Patients admitted to hospital with acute illness deserve the best possible care and need to feel confident that if their condition deteriorates they will receive prompt and effective treatment. Unfortunately there is evidence to the contrary indicating that there can be a failure to recognise patients at risk or who are deteriorating. The failure to recognise and respond to acute patient illness and deterioration may result in severe consequences for patients.
The National Institute for Health and Care Excellence (NICE, http://www.nice.org.uk/) published NICE clinical guideline 50, Acutely ill patients in hospital: recognition of and response to acute illness in adults in hospital in October 2007. The report contained practical guidance with recommendations for the measurement and recording of a set of physiological observations, linked to a ‘track and trigger’ system. There was emphasis on the importance of a full clinical assessment and the need for improved training in the necessary competencies.
In response to reports such as NICE clinical guideline 50, the University of Leeds has developed the Recognising and Responding to Acute Patient Illness and Deterioration (RRAPID) course. The philosophy of the course is to emphasise timely and rapid response to the acutely ill patient and equip medical students with the appropriate skills to manage such patients upon graduation.
The RRAPID course runs throughout the University of Leeds undergraduate curriculum. The principles not only encompass the management of the episode of acute illness but also encourages the students to determine how the episode could have been prevented and the longer term management objectives. Within the curriculum RRAPID encourages the students to learn the physiology of health and the pathophysiology of illness in the context of acutely ill patients. There is the opportunity to practice clinical assessment, communication skills, decision making, infection prevention, time management, patient safety and prescribing in the protected environment of simulated scenarios.
The RRAPID assessment of the acutely ill patient revolves around the traditional ABCDE systems based approach:
The authors of this book include frontline clinicians and healthcare professionals. It has been created with the help of both undergraduate and post graduate trainees. The information included in this book is up to date with current clinical practice and national and local guidelines used in Leeds Teaching Hospitals. However, it is recommended that users always consult local protocols and refer to the most up to date Trust guidance. In all case specific drug doses should be checked in the British National Formulary. Further information regarding the RRAPID course and the companion app can be found at http://rrapid.leeds.ac.uk/.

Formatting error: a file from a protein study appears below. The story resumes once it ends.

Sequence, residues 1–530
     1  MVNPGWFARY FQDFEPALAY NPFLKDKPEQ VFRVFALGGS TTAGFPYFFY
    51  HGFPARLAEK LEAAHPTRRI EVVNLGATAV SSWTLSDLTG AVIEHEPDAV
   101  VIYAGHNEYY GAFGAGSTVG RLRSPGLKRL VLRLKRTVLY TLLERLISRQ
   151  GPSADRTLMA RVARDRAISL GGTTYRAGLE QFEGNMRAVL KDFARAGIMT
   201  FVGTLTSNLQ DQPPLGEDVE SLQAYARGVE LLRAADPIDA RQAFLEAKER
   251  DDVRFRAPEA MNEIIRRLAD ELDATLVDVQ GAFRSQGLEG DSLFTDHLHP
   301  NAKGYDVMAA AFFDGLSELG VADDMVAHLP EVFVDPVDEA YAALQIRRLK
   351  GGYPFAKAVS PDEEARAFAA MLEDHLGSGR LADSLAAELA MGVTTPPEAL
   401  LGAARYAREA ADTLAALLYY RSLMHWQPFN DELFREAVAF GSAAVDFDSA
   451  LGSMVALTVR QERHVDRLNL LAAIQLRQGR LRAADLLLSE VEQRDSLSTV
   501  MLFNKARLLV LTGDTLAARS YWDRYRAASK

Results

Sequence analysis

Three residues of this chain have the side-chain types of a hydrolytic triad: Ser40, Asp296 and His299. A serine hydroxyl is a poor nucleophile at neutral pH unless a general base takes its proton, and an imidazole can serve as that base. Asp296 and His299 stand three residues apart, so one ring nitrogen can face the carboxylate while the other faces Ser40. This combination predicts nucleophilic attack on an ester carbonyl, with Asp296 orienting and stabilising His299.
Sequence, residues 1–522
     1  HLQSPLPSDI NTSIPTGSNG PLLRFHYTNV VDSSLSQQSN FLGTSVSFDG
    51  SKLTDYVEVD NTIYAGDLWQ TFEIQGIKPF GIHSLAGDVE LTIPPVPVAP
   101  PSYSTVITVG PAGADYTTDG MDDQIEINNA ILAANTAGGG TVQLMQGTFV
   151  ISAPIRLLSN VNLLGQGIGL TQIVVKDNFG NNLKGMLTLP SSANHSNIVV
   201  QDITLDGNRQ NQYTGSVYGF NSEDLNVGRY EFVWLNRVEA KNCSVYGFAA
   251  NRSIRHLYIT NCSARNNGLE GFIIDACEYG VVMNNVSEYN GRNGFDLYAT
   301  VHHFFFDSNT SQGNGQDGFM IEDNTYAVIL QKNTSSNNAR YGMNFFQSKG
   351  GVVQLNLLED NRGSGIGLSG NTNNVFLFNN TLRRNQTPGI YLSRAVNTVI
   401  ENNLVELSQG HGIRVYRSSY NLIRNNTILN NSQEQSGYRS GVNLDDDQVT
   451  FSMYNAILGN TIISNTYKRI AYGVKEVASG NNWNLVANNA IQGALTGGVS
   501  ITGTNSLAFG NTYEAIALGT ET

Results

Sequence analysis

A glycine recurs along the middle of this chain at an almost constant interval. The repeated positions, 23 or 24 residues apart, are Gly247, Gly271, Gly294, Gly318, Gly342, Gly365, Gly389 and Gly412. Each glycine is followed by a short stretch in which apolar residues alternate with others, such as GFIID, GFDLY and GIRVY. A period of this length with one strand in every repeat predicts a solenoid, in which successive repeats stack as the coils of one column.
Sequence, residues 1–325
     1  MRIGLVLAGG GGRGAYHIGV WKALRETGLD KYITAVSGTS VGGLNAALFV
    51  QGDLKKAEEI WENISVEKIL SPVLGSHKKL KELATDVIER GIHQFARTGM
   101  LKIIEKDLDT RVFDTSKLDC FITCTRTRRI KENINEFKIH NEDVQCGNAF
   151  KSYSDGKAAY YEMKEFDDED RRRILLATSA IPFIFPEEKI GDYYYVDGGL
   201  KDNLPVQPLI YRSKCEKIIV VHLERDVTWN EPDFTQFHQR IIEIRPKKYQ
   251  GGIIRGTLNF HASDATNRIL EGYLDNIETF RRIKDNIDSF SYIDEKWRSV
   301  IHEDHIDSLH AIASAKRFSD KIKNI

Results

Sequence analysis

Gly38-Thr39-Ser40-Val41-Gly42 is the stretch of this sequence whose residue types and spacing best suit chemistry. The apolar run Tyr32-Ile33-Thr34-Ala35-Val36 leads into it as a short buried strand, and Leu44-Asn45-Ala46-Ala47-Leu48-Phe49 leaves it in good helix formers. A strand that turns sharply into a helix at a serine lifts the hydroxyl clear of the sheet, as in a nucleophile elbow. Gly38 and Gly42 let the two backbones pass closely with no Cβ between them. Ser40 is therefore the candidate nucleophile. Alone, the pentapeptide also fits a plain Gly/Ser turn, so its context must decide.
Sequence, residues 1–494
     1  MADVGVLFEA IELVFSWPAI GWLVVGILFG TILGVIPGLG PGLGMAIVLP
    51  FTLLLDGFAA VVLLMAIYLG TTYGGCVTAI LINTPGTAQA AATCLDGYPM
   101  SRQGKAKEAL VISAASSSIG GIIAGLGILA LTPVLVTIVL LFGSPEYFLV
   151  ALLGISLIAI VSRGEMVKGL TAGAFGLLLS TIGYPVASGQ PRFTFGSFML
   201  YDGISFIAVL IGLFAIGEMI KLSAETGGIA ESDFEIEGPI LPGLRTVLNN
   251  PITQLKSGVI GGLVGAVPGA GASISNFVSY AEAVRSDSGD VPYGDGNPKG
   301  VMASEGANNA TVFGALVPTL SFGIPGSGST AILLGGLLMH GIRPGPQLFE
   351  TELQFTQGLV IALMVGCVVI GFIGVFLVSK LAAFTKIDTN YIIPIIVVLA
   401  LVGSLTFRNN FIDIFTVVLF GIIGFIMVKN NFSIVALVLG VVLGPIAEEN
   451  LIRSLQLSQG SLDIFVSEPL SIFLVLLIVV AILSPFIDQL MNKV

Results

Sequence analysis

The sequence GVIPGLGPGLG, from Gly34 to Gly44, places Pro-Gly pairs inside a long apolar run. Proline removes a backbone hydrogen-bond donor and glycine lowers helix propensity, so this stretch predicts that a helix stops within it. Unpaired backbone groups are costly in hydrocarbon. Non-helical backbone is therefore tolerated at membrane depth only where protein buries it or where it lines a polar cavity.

Each section follows a similar structure:
A brief introduction to the relevant anatomy and physiology of each system is given. This aids understanding of the causes of each system dysfunction leading to patient deterioration.
For each system (ABCDE), there is a list of the pathologies causing system dysfunction. This will concentrate on the more common pathologies but also cover some of the less common life threatening problems.
Recognising the acutely ill and deteriorating patient is the essential first step. Patients will present in different ways but this section will describe the common symptoms and signs of deterioration within each system.
Simple but effective early interventions are described. These can be performed by junior medical staff, which at an early stage may significantly improve the patient’s outcome.
Following the immediate recognition and response to acute illness and deterioration, patients require more specific management which is dependent upon the clinical context. This section describes the management of specific diseases related to each system in more detail.
There can be opportunities for preventing acute illness and deterioration. Learning to recognise the patient who is at risk of deterioration before they deteriorate is an important step to reducing the morbidity and mortality from acute illness in hospital. Simple actions can be performed either to prevent problems occurring initially or to aid prompt recognition and response before the deterioration becomes too far advanced.
A clinical case scenario specific to the organ system is described to illustrate how the RRAPID approach should be used in clinical practice. Questions are posed to test the reader's ability to manage acutely ill patients.
Each chapter ends with a brief summary box with key learning points.
Interactive cases and multiple choice questions are provided to test the reader's understanding of a topic.
During your clinical placements you will encounter acutely unwell patients. In the case log section you will be able to document and reflect upon cases that you come across and save these notes to your device or e-mail them to yourself. The case log utilises the commonly used communication tool SBARR. This enables you to enter the details under the appropriate section i.e. situation, background, assessment (use the ABCDE approach), recommendations and readback. It is important that you do not enter any specific patient identifying information (name, date of birth, hospital number or NHS number) for clinical govenance reasons.
A glossary of terms and list of abbreviations used throughout the ebook.